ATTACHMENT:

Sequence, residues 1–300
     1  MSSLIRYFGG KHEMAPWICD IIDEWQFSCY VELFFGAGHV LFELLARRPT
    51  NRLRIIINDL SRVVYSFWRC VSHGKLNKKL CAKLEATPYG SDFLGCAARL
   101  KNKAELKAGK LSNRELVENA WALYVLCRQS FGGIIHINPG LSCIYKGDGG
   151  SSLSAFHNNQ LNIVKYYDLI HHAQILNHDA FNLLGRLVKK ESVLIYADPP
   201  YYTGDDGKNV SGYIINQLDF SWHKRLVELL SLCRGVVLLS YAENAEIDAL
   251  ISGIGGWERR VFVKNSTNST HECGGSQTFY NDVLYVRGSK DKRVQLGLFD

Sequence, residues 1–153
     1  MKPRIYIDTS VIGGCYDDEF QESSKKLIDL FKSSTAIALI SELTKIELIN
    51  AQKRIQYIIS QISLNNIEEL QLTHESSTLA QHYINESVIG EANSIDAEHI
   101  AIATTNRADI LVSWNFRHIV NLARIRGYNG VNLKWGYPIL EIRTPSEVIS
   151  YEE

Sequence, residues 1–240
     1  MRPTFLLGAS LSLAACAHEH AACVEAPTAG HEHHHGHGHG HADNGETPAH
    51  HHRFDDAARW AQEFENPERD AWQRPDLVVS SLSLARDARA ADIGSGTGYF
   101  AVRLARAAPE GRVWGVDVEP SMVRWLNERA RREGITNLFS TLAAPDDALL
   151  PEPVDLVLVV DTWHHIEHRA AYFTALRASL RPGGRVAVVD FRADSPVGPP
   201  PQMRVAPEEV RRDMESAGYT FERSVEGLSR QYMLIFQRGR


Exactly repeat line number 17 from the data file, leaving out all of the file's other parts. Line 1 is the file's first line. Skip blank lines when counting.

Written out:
   151  PEPVDLVLVV DTWHHIEHRA AYFTALRASL RPGGRVAVVD FRADSPVGPP